KARACHI: Unless the private sector comes in, education problems cannot be solved. No country, especially Pakistan, has the resources to do it on its own.
These views were shared by the chairperson of the Higher Education Commission (HEC), Dr Mukhtar Ahmed, at the National Education Conference’s session on ‘Quality in Higher Education: Issues and Current Practices.’ Ahmed joined a panel discussion on national education policy via video conferencing, responding to the queries posed by participants, largely consisting of academics, representatives of higher education institutes and the media.
Explaining HEC’s position on universities’ internal matters, Ahmed said that it is the provincial governments who handle internal issues. The 18th Amendment is a reality and even before its implementation, education was 80% a provincial matter. “HEC is involved in matters of funding, curriculum and policy making of higher education institutions,” he explained.
On the legal status of universities that are not registered with HEC and yet award degrees that are recognised elsewhere in Pakistan, Ahmed said that such institutions are illegal unless they have acquired a Non-Objection Certificate (NOC). He further encouraged the participants to inform HEC about such institutions so that action can be taken against them.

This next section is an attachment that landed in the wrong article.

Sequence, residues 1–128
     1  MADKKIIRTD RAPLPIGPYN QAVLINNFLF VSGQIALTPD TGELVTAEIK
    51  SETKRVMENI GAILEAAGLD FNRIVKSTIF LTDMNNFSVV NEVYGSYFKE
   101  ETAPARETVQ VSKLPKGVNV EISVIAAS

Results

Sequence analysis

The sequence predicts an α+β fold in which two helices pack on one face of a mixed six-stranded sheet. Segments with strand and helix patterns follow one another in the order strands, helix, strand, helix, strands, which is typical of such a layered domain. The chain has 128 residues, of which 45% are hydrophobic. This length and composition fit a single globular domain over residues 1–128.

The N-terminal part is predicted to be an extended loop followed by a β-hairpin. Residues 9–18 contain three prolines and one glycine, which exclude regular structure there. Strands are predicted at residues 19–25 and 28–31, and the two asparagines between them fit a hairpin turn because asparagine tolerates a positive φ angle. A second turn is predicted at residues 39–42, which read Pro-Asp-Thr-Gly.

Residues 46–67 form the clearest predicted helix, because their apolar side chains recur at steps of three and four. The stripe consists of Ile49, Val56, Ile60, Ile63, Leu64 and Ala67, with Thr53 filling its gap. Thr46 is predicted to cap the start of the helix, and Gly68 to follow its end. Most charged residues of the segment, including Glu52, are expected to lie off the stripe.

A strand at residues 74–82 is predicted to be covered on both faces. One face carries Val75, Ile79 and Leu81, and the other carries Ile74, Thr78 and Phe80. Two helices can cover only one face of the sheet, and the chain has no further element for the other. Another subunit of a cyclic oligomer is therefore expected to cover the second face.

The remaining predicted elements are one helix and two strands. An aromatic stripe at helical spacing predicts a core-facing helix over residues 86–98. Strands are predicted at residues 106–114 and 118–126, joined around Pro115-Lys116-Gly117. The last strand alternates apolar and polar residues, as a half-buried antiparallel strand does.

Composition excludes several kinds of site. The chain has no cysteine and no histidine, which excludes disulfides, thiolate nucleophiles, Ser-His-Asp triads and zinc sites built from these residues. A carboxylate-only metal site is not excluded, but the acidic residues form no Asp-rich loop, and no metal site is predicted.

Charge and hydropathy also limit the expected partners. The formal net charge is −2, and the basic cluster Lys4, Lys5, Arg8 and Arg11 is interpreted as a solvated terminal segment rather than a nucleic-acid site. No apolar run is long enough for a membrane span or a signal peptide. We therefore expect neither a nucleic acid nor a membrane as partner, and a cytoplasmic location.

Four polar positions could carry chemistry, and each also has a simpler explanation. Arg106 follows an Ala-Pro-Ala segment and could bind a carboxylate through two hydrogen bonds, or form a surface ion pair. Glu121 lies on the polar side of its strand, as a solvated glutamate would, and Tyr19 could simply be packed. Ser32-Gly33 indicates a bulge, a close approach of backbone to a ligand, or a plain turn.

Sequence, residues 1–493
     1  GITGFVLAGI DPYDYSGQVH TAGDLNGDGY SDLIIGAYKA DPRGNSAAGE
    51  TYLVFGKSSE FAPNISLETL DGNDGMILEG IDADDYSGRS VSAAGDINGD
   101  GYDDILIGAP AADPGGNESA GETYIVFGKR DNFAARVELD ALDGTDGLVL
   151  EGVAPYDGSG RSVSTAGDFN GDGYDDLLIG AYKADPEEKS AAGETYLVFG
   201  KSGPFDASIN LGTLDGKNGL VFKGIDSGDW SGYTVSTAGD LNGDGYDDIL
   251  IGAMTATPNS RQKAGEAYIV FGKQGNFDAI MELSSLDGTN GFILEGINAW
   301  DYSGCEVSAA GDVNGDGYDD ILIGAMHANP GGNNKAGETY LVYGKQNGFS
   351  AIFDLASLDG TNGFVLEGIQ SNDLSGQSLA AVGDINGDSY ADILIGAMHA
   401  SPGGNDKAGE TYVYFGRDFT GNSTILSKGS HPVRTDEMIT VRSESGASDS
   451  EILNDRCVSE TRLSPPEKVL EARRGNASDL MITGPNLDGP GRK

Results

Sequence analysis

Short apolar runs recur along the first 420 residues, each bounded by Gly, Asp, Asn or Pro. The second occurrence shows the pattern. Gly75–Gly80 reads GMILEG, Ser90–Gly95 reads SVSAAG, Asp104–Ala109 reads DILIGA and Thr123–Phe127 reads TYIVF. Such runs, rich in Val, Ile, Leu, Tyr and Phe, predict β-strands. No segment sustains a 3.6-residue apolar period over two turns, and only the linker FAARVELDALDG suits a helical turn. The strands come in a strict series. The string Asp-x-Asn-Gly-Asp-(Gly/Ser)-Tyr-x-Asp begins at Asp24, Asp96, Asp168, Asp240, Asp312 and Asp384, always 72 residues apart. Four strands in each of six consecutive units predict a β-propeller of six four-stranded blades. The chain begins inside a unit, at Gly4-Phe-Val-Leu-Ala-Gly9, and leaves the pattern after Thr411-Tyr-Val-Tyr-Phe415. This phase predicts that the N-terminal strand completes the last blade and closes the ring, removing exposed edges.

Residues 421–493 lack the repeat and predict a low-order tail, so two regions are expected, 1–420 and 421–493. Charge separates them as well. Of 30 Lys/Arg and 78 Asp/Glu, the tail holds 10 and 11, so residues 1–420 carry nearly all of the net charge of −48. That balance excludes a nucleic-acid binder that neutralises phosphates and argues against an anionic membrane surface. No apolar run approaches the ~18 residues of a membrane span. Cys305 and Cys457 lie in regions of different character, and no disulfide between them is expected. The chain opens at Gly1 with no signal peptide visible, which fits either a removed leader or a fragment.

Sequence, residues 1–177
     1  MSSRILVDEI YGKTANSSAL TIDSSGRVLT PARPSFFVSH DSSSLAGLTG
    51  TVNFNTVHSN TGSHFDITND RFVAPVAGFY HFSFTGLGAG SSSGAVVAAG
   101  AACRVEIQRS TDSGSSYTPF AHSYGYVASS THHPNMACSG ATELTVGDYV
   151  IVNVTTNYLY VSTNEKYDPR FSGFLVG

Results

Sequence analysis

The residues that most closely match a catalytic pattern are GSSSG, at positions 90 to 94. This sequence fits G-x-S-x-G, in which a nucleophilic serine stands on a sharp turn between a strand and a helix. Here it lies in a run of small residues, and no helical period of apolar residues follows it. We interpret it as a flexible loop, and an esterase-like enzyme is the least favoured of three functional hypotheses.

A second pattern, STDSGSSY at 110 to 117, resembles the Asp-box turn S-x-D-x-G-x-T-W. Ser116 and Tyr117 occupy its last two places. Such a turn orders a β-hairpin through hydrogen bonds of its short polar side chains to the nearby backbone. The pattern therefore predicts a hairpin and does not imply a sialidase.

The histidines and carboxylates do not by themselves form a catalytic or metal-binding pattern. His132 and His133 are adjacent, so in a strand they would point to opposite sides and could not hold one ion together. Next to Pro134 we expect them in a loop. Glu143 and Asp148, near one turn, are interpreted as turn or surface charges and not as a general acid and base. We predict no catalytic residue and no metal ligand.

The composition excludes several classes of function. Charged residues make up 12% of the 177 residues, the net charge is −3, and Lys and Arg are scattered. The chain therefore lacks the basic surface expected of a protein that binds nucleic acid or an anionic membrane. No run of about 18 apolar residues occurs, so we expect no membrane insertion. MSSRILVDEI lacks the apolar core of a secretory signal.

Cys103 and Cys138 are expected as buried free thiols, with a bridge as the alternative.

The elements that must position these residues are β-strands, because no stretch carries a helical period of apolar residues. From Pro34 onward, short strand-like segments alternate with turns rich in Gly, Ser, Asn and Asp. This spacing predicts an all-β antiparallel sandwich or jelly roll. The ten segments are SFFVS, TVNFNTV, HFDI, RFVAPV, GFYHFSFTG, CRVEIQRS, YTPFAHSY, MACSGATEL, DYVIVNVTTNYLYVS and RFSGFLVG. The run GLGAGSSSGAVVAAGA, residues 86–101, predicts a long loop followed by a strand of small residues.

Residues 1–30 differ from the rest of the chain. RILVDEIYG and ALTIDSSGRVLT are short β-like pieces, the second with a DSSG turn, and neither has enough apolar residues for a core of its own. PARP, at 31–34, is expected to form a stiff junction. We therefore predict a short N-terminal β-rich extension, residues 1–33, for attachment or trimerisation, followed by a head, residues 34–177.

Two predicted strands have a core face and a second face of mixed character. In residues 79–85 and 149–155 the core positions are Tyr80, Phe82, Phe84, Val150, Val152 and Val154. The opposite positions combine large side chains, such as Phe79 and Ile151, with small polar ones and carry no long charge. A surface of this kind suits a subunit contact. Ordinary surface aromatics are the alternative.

“I’m not concerned with university rankings but more with accessibility and pooling of resources,” claimed Ahmed. “We have woken up quite late. The universities we compare ourselves to have individual budgets greater than the total budget allocated for higher education in Pakistan,” he said.
He added that Pakistani universities have to provide solutions to the common man through research and spoke about the introduction of 10 to 20 hours per year of community service to focus on other aspects of students’ education as well.
While several arguments flared on the HEC chairperson’s comments regarding Article 25A and the state’s responsibility to provide education, the media too became a much hot topic.
The academicians spoke about the lack of specialised reporting in the areas of science, technology and the developmental side of education. Members of the media, on the other hand, spoke of the lack of cooperation and communication by institutions.
Saleem Mughal, a teacher who teaches television production at a university, spoke of how essential it is for final-year students to contribute towards public institutions. “Our students, when they go in the industry, have no sense of working, hence, the universities can be blamed for their inefficiencies,” he claimed.
Published in The Express Tribune, February 4th, 2016.